CERN’s LHC to look for a link between Higgs Boson and Dark Matter

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Scientists have been trying to look for the Dark Matter since decades and it seems that the CERN’s Large Hadron Collider could possibly find the answer or point physicists in the right direction – at least that’s what Christoffer Petersson, a research scientist at Chalmers University of Technology believes.

Petersson and his two research colleagues have proposed a new particle model based on what is known as supersymmetry wherein they say that the Higgs boson might be responsible for the birth of dark matter particles.

The new model contains more elementary particles than the Standard Model, including dark matter particles. In addition, the model gives the Higgs particle different properties than the Standard Model predicts wherein the Higgs particle can distintegrate into a photon (a particle of light) and particles of dark matter. However, these properties are quite difficult to discover – you have to look for them specifically to have a chance of finding them.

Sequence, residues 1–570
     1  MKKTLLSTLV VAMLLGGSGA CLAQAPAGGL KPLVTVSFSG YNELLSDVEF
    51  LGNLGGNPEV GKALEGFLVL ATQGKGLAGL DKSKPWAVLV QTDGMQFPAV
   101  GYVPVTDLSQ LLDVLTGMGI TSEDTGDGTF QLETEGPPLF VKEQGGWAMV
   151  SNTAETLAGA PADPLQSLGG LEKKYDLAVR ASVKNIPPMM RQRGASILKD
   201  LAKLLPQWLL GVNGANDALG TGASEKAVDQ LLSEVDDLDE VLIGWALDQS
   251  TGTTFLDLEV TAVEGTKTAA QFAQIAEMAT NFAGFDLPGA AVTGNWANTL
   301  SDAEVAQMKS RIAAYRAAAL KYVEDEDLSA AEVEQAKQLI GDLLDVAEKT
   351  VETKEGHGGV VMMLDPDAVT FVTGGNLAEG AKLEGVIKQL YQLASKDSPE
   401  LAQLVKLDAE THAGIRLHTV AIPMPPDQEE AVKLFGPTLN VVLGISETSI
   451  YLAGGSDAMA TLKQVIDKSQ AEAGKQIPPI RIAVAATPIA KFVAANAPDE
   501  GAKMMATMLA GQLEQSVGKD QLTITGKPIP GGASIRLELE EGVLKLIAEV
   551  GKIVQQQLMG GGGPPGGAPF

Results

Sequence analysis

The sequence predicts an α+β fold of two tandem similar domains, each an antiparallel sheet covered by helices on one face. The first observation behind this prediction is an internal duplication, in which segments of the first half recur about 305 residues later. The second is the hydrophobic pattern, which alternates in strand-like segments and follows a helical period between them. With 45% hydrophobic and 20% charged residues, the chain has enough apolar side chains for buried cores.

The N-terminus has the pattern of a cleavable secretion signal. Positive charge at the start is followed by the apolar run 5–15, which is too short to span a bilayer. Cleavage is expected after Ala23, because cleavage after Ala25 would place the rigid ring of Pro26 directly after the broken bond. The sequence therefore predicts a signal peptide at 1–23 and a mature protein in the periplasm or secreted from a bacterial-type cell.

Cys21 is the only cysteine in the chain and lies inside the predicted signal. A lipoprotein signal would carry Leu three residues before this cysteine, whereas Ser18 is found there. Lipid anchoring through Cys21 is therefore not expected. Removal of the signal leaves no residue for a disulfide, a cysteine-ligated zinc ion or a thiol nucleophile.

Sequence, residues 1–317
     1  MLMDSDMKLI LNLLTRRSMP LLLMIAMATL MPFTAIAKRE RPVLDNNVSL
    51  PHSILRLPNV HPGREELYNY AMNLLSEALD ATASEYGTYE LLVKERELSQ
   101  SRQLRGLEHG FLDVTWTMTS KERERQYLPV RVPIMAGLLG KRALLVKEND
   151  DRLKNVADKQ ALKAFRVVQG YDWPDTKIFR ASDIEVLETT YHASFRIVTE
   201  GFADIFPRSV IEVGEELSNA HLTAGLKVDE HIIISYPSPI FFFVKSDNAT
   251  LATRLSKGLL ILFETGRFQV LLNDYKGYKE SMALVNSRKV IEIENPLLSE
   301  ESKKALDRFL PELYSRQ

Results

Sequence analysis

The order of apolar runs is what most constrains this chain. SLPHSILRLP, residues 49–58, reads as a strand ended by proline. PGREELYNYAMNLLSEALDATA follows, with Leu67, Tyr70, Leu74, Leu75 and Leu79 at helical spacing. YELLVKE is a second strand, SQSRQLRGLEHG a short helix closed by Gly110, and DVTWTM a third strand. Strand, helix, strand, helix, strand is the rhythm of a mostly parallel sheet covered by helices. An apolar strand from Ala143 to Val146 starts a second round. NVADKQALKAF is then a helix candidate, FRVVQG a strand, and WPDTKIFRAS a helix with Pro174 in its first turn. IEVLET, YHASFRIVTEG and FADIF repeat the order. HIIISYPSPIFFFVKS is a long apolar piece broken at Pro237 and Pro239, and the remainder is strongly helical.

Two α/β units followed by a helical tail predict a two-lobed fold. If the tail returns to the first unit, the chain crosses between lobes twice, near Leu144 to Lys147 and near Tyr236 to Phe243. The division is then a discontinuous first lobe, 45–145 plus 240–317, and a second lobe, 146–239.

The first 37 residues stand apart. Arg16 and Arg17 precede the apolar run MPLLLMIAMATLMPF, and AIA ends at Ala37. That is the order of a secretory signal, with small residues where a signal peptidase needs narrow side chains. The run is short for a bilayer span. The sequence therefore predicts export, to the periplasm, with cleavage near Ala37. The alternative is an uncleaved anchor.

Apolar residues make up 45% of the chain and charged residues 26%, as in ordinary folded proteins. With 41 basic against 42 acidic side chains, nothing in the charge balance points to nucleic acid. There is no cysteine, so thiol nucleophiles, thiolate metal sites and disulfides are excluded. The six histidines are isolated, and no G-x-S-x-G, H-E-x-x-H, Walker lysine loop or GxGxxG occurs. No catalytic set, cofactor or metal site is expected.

The researchers’ theory have met with a response at CERN and two independent experimental stations – Atlas and CMS – at the LHC will be looking for the very properties of the Higgs particle that Petersson’s model predicts. If the properties are there, it is a clear indication that the model fits.

“It’s a dream for a theorist in particle physics. LHC is the only place where the model can be tested. It’s even nicer that two independent experiments are going to do it,” says Christoffer Petersson.

CERN’s previous experiments were not able to either confirm or reject Petersson’s theory owing to lack of required data; however, Zeynap Demiragli at the CMS experiment at CERN said that they are “already in full swing with new analyses in which we are testing his model in other ways and with more data.”

“We congratulate Christoffer Petersson for having done an important job,” added Petersson.

“If the model is found to fit, it would completely change our understanding of the fundamental building blocks of nature. If not, just the fact that they are willing to test my model at CERN is great,” he says.